Egg Bound.. Constipated hen?

mseely

Songster
Jun 9, 2017
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57
101
So this morning I posted thinking my hen was egg bound. She's a buff orpington, a little over a year old. She's been acting strange, this morning she was very lethargic. Thinking she was egg bound I've been giving her baths, yogurt, tums, etc. to try and help get the egg out. Anyways I went to put some vaseline in her vent to help lubricate for an egg, and she took a huge explosive poop on me. And I mean explosive, it was very large. It smelled very bad,

I guess the good news is is that she isn't egg bound. However her comb is still very red, she's eating a little bit, and not wanting to drink water. What is my next move here? Do chickens get constipated? What else is there for me to do for her?
 

mseely

Songster
Jun 9, 2017
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57
101
here's a picture of the massive poo.
 

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azygous

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11 Years
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Acting "strange" requires more elaboration. "Strange" might include flattening herself on a nest, not wanting to get off even to eat, and wanting to remain even at night instead of roosting. Is she rapidly clucking when you touch her? Does she puff up her feathers when you touch her and emit a screech while the feathers on her neck stand up?

That poop resembles a broody poop. If this hen has laid about a dozen eggs or more, she may be going into a hormonal change and becoming broody.

To be certain she hasn't got crop issues, she needs to be checked first thing in the morning to see if her crop has completely emptied overnight. If it's still full, even partially, she may have sour crop.

Here's a friendly bit of advice - try to stick with one thread on a topic, this one being a hen behaving strangely. You'll have more participation and continuity than if you start new threads.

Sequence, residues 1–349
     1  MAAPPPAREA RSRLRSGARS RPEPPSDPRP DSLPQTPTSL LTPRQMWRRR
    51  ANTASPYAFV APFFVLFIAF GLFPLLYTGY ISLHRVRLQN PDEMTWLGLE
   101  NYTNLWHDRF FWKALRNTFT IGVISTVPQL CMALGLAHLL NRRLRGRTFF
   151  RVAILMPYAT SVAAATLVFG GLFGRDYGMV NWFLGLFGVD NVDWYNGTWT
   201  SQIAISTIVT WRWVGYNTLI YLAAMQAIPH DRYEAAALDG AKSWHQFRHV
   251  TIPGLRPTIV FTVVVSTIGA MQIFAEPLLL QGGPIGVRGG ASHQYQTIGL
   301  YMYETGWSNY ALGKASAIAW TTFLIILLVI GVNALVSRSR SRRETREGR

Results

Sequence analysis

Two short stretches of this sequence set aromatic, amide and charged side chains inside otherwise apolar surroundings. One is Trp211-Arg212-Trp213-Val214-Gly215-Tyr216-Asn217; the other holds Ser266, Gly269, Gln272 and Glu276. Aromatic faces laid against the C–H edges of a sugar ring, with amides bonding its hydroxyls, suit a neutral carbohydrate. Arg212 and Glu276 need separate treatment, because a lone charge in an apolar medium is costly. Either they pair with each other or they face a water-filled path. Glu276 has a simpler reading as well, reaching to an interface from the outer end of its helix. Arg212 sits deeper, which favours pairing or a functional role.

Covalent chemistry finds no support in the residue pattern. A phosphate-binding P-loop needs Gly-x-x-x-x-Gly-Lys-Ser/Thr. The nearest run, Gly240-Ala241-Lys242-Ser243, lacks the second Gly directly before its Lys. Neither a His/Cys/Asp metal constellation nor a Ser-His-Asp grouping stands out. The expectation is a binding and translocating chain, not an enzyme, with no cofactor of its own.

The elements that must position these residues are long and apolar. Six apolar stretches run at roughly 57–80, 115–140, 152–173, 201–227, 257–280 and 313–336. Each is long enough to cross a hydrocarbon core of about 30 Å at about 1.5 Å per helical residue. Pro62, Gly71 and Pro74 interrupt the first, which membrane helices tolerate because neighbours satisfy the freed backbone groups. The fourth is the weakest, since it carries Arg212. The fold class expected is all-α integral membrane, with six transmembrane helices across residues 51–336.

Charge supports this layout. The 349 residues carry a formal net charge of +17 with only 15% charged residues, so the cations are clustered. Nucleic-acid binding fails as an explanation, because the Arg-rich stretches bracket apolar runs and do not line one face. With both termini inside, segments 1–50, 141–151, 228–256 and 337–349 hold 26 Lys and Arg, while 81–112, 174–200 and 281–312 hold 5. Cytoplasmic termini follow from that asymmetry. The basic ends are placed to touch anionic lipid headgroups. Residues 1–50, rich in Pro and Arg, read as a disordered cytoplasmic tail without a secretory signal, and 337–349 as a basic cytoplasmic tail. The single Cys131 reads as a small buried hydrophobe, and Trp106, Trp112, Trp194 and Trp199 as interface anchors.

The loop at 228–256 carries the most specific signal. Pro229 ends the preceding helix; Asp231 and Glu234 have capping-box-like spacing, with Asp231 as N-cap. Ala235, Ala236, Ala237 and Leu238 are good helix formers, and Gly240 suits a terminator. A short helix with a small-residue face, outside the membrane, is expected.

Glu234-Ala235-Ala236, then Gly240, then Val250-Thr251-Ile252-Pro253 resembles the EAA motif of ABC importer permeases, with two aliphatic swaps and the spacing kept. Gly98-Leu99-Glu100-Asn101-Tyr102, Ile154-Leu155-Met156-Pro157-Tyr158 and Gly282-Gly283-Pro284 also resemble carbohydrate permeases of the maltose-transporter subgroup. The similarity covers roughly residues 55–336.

mseely

Songster
Jun 9, 2017
74
57
101
Acting "strange" requires more elaboration. "Strange" might include flattening herself on a nest, not wanting to get off even to eat, and wanting to remain even at night instead of roosting. Is she rapidly clucking when you touch her? Does she puff up her feathers when you touch her and emit a screech while the feathers on her neck stand up?

That poop resembles a broody poop. If this hen has laid about a dozen eggs or more, she may be going into a hormonal change and becoming broody.

To be certain she hasn't got crop issues, she needs to be checked first thing in the morning to see if her crop has completely emptied overnight. If it's still full, even partially, she may have sour crop.

Here's a friendly bit of advice - try to stick with one thread on a topic, this one being a hen behaving strangely. You'll have more participation and continuity than if you start new threads.

Her crop was full last night and empty this morning. She already went broody this winter and does not have a clutch of eggs or anything. This is not broodiness because she doesn't want to sit on a nest, she just half stands there. She's been eating and drinking off and on. She's normally very active and friendly but she's having a hard time getting around and balancing. She did lay a shell-less egg about a week ago.

She's still flexing her abdomen/vent even after the massive poo. Her comb is very flushed and she's still having some balance issues. Still very lethargic too normally she's a curious hen when inside she likes to wander anywhere she can get to. She's been half closing her eyes which makes me nervous that she is getting worse. I
 

azygous

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The shelless egg a week ago may be repeating itself, and they're harder to pass than hard shell eggs.